In a recent publication Benedict and Meyer1 reported that the metabolism of eighteen American-born Chinese girls, between the ages of 12 and 22, in Boston was on the average 9.2 per cent lower than the Harris-Benedict or Girl Scout standard and 6.1 per cent below the Aub-Du Bois standard. In conclusion, these authors stated: "Undoubtedly the racial factor plays a less pronounced rôle in the metabolism of the Chinese. Nevertheless, we believe that this present investigation tends to support the earlier observations to the effect that Chinese and Japanese, even though American-born, subsisting in part a modern American life, have a metabolism somewhat lower than Caucasian."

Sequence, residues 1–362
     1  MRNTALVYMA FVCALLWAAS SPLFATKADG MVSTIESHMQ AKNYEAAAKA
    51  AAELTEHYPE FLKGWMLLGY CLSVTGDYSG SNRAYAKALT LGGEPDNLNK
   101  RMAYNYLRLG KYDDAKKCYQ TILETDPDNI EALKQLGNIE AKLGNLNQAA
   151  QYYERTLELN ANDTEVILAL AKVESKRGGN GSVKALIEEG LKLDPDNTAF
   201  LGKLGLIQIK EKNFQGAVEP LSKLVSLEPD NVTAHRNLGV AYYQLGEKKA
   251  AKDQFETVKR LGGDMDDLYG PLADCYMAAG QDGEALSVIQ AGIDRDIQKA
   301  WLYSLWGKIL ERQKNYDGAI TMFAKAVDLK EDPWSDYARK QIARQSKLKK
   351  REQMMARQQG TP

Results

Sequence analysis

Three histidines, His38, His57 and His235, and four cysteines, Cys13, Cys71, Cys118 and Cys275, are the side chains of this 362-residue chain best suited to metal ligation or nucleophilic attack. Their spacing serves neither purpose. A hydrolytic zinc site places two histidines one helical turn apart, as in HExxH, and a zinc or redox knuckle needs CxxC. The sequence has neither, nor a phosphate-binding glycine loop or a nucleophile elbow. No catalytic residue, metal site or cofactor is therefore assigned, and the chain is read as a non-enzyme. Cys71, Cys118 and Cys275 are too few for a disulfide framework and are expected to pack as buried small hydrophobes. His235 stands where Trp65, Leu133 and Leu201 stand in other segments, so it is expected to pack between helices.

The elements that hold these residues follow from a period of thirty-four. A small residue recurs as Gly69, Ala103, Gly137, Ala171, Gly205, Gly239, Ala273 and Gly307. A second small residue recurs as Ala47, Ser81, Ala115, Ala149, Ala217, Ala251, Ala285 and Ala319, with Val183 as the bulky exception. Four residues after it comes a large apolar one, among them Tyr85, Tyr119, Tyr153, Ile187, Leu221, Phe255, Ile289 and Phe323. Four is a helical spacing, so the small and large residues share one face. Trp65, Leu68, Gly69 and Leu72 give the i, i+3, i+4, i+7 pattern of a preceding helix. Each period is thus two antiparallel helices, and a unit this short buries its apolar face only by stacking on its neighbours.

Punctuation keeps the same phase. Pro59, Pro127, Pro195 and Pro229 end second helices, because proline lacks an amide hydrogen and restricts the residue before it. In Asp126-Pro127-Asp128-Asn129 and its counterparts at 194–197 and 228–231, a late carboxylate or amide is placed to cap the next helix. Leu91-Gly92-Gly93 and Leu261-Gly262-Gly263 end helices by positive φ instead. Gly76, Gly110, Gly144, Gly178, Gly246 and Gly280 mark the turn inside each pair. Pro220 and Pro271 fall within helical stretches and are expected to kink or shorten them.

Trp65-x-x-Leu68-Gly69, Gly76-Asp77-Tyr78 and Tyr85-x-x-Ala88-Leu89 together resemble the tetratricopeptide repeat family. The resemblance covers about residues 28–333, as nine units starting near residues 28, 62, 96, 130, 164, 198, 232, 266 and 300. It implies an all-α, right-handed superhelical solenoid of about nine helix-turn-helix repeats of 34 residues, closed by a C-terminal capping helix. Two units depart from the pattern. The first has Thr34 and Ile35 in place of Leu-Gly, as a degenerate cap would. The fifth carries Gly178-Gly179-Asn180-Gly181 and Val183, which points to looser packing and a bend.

These conclusions of Benedict and Meyer are contrary to the finding of Hawks and me2 that the basal metabolism of American-born Chinese children in Chicago is entirely comparable with that of American-born Chinese children of the same ages in Boston. However, as